Canterbury was where St. Augustine, as a missionary from Rome and first Archbishop of Canterbury, established his church in 597. We say the ruins of the monastery he founded as he brought the English church under the Roman jurisdiction. So it was appropriate that we went from Canterbury to lovely Hever Castle where Henry VIII met Anne Boleyn and thus started the chain of events, which led to the break with Rome, and to the Anglican Church as we know it today.
Hever is a real castle, set in a moat, and beautifully restored by William Waldorf Astor, one of England’s most famous American immigrants. The castle is full of treasures; not least among them is a set of baby clothes exquisitely stitched in 1555 by Queen Elizabeth I when she was still a princess. She made them for her sister, Queen Mary, who had recently married Prince Phillip of Spain, and believed herself to be pregnant. The pregnancy was a delusion, and those tiny unused garments are a poignant witness to one of the most dramatic periods of English history.
We visited Winchester, where we were given tea by a local parish in their church hall before we went to hear one of the finest choirs in England sing Evensong in the cathedral. We saw the twelfth-century Hospital of St. Cross. We went to Stonehenge, and to Wilton House with its magnificent collection of paintings, the home of the Earls of Pembroke for seventeen generations.
Glastonbury is another ancient holy site. St. Dunstan was educated and was abbot there. In the lovely ruins of the monastery are the grave of the legendary King Arthur and his Queen Guinevere. Close by is the holy thorn, a tree whose ancestor is believed to have sprung from the staff of Joseph of Arimathea when he visited Britain after the Crucifixion.
After a quick look at Wells cathedral, we went to Bath, England’s most beautiful city. It is famous for its Roman baths and eighteenth-century streets and crescents—not to mention its attractive shops. From there we drove through the picturesque Cotswold villages, full of flowers and stone cottages, to stay for a night in Stratford-upon-Avon with a chance to see where Shakespeare was born.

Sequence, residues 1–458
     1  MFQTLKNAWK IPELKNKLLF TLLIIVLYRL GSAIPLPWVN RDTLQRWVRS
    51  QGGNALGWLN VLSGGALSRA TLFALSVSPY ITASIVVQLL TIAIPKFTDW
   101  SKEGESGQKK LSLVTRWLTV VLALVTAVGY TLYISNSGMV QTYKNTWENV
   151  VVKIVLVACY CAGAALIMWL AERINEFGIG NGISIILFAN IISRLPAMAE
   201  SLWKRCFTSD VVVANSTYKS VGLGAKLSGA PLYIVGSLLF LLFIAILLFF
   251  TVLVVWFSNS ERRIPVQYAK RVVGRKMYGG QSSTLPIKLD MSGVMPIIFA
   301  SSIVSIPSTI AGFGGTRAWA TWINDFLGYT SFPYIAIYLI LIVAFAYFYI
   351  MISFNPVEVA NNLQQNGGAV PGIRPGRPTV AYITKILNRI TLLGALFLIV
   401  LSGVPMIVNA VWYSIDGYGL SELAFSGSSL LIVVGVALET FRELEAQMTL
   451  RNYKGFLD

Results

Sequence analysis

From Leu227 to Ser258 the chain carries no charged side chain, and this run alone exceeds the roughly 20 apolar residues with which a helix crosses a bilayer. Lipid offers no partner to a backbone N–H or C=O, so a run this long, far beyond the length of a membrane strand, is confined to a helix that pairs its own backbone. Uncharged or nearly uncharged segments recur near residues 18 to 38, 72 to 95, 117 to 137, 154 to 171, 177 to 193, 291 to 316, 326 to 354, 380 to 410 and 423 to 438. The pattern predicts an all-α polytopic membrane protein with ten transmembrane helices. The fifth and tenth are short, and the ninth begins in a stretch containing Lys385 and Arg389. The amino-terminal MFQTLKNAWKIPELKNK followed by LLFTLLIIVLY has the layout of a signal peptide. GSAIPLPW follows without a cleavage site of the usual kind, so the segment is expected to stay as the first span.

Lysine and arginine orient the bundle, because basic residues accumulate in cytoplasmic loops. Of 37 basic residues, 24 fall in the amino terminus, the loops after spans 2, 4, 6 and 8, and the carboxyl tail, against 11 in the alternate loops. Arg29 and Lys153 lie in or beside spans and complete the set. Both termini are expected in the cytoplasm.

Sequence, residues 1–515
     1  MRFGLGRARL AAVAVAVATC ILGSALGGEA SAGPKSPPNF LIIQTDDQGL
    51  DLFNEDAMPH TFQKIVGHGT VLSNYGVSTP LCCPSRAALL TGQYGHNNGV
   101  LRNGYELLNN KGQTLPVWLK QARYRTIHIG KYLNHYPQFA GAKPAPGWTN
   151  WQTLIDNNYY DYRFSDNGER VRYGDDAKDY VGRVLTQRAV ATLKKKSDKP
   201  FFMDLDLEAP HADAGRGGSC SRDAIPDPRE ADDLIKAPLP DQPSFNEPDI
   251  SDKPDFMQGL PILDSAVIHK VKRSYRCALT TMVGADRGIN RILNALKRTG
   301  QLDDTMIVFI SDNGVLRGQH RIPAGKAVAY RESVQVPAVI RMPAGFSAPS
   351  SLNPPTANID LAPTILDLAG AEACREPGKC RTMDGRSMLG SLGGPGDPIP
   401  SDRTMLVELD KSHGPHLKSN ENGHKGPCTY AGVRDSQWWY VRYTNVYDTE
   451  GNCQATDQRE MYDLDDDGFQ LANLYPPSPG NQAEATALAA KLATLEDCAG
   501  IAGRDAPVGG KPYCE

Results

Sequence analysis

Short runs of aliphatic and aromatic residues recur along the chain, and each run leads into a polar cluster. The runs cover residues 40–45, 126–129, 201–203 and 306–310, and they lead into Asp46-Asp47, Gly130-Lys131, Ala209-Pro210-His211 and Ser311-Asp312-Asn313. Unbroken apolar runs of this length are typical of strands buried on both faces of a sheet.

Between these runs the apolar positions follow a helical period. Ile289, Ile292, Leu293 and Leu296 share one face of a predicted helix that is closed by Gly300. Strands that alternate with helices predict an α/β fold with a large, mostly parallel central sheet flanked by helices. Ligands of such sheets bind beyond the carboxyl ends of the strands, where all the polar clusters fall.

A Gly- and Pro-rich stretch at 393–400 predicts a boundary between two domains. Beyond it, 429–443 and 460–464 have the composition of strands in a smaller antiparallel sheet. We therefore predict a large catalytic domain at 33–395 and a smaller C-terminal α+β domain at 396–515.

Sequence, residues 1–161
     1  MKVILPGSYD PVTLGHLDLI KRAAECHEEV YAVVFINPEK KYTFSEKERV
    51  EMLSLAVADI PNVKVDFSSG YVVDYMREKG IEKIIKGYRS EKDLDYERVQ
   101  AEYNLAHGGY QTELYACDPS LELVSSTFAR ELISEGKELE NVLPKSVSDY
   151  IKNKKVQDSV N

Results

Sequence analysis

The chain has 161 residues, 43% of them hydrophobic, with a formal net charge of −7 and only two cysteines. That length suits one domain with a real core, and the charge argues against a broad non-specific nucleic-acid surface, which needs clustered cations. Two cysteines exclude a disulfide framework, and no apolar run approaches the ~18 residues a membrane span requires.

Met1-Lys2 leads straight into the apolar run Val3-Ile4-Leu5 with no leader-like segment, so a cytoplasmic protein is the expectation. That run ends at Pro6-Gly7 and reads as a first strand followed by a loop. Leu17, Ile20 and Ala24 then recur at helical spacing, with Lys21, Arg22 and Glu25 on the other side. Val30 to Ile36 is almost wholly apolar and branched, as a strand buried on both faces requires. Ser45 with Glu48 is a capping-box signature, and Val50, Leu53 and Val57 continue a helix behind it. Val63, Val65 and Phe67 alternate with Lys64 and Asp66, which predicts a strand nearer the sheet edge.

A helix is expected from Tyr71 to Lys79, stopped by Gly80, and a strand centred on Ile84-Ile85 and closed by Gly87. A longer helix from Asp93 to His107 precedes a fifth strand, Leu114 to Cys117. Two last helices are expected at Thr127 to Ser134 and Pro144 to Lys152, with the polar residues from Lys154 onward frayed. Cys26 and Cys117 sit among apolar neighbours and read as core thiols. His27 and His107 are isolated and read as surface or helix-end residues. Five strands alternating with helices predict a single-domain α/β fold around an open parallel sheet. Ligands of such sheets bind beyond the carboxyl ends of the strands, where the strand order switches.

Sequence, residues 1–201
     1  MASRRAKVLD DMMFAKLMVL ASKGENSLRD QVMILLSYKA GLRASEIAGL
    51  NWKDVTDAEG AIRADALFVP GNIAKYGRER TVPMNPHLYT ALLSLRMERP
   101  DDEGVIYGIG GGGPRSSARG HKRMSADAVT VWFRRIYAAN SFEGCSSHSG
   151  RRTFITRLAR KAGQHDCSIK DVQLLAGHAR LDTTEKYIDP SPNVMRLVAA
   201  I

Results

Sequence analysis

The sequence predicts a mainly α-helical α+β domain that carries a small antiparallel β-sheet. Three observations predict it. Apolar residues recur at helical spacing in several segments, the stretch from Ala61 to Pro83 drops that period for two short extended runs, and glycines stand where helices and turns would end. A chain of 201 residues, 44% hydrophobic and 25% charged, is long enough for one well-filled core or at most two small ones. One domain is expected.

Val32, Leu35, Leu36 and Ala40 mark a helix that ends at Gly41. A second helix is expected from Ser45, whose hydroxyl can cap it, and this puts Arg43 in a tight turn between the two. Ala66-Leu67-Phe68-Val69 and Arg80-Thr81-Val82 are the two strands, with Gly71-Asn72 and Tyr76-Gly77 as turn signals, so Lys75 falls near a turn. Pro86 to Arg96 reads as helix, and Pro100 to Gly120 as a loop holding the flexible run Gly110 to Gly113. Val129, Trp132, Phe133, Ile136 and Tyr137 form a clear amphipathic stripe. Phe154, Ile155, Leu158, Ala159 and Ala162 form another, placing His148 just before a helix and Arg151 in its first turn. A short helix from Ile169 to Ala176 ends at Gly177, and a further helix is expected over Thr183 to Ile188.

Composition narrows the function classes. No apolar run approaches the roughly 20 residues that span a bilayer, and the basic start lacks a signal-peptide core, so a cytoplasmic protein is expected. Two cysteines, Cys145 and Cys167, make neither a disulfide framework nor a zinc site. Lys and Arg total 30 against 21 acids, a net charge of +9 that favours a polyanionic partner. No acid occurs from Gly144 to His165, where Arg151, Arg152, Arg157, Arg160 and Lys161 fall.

Coventry Cathedral, built after German bombs had destroyed its mediaeval predecessor, was a moving contrast to the ancient churches we had seen. From there, we drove north to the Lake District. We have a great variety of landscape in our small island, and the group was surprised and delighted by the beauty of the hills (the are mountains to us!) and the peaceful lakes. Our comfortable hotel overlooked Lake Windermere, which we crossed by steamboat to visit Wordsworth’s cottage at Grasmere. That evening we joined a hundred local church people for a quiet evening and informal communion service at Rydall Hall, a seventeenth-century stately home now used as the diocesan conference centre.
The English shops had been a great attraction everywhere, despite the recent fall in the value of the dollar. On our journey across the south of Scotland to Edinburgh, everybody was keen to stop at a woolen mill full of lambs wool and cashmere jerseys, tweed jackets, and tartan kilts and skirts. On the Scottish border we had called—just for fun—at Gretna Green, once famous for runaway marriages from England. With lots of hilarity, Bob and his wife were “married” over the blacksmith’s anvil. “It’s going to be a bit difficult to explain to the children when we get home,” commented the “bride” as we all posed for the wedding photograph.